Enhancing Health Literacy among resettled refugees: A feasibility study among people of African ethnicity in Newcastle, Australia

Authors

  • Mitchell Budden 4th year BPharm(Hons) - University of Newcastle, NSW, Australia
  • Taylah Oehme 4th year BPharm(Hons) - University of Newcastle, NSW, Australia
  • Briony Debeljak 4th year BPharm(Hons) - University of Newcastle, NSW, Australia
  • Therése Kairuz Associate Professor, School of Biomedical Sciences and Pharmacy, University of Newcastle, NSW, Australia

Keywords:

pharmacy research, refugees, pharmacy practice, student-led journal , health literacy

Abstract

Background: There is a significant difference in the health outcomes between refugee population groups and the general population in Australia, possibly due to low levels of English health literacy. This study evaluated a limited text leaflet designed to improve understanding about the Australian healthcare system for refugees from Africa.

Aim: To develop a resource tool for pharmacy staff that could be utilized in the community pharmacy setting to improve the health literacy of resettled African refugees.

Method: For the leaflet, information was gathered from Medicare and Centrelink websites, digital images of Pharmaceutical Benefits Scheme (PBS) prescriptions were produced, and pictograms for common health conditions were selected. An interview guide was designed and interviews with participants of African ethnicity were conducted online. Qualitative methods were used to elicit and analyse feedback.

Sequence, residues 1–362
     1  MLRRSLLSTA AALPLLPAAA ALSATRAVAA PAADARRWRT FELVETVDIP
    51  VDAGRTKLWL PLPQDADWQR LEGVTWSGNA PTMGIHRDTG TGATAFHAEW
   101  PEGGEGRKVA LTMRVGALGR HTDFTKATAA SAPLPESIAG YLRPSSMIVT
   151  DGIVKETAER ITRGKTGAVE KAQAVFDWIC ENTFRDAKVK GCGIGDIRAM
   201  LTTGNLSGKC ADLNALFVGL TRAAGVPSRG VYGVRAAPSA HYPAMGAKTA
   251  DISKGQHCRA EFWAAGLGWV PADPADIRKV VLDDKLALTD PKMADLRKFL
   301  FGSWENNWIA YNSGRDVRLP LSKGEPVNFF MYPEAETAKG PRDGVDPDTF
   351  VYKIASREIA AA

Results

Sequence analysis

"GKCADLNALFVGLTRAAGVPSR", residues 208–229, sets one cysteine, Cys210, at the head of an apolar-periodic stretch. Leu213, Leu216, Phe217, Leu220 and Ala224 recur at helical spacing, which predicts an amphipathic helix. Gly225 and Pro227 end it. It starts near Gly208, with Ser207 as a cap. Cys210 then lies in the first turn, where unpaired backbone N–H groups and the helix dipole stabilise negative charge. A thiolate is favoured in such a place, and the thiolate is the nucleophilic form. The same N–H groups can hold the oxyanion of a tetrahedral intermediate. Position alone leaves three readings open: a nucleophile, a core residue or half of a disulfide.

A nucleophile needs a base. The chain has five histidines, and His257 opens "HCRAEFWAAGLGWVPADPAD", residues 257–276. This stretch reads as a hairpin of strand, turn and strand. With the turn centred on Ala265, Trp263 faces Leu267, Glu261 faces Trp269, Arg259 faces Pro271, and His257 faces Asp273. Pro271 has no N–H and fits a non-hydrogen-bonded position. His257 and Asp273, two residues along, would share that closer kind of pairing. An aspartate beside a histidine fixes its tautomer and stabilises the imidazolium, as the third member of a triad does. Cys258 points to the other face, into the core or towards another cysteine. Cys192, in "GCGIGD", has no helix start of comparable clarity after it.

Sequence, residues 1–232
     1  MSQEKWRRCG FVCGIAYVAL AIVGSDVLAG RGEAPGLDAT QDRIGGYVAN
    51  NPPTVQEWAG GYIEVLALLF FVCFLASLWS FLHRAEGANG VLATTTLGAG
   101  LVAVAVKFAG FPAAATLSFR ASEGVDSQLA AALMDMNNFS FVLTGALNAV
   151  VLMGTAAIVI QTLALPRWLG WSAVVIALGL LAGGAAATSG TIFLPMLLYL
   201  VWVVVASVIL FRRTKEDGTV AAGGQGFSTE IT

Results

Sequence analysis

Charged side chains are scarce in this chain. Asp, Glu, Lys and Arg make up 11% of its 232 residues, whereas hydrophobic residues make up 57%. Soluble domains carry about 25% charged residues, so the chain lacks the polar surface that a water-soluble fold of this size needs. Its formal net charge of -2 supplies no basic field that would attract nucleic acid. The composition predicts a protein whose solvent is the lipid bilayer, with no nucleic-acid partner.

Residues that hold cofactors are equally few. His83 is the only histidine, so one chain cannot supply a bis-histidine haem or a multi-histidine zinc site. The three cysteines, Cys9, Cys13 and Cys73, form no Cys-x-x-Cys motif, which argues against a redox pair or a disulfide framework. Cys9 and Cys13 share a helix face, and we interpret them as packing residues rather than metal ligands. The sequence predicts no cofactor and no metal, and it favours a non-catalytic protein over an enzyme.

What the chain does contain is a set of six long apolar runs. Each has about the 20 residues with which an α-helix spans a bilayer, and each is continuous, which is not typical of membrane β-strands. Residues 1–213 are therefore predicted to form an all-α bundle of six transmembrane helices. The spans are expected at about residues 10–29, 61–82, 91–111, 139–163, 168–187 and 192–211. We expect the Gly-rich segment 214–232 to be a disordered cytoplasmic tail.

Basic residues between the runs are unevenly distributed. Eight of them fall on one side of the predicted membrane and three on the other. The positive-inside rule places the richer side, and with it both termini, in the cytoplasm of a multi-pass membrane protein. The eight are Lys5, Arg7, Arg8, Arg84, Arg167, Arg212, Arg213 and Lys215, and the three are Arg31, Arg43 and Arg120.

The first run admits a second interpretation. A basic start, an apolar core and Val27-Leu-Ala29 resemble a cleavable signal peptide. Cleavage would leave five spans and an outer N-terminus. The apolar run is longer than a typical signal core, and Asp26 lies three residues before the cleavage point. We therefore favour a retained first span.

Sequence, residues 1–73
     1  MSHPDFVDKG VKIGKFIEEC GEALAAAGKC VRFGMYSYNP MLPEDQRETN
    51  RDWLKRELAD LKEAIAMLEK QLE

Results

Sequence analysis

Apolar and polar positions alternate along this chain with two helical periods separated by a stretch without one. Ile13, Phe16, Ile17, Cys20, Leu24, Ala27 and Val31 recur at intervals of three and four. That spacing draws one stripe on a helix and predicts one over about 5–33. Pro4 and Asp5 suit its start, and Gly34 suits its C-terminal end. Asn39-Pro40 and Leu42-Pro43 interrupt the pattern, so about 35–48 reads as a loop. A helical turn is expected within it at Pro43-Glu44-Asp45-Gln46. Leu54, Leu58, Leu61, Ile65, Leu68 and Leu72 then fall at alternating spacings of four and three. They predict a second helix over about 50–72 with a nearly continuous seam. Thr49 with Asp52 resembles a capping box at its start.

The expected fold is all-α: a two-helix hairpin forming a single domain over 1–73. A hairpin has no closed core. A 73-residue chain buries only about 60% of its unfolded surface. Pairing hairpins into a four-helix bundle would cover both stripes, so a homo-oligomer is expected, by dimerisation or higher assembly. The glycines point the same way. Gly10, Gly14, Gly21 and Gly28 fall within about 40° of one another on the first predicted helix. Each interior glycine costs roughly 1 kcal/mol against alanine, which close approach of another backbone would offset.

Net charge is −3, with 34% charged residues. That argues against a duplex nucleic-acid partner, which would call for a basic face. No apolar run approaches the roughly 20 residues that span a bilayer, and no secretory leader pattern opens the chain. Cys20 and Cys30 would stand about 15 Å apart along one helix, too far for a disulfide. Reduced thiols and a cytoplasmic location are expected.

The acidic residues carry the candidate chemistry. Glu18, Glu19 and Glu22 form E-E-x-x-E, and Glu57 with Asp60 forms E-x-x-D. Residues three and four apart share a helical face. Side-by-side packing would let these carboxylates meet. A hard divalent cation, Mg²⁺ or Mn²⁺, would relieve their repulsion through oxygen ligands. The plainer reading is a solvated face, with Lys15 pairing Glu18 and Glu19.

Results: Feedback regarding the leaflet was positive, including choice of images and layout, and the interview guide was a suitable tool for evaluation. Suggestions for improvement included optimization of background colour for readability, the addition of graphical images to represent symptoms, and ensuring consistency in the size of images and font.

Discussion: The consumer-friendly information leaflet could be used as a template for health literacy resources in community pharmacies. Due to the small sample size, a pilot study should be conducted among resettled refugees from various ethnic groups to confirm the suitability of the leaflet as a resource. The suitability could be measured via the success pharmacists’ experience in facilitating the process of conveying information about the Australian health system.

Conclusion: The leaflet was acceptable to people of African ethnicity and demonstrated potential as a resource for enhancing understanding about the Australian health system. It could form a template as a limited text, pictorial health literacy resource.

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Published

25.01.2022

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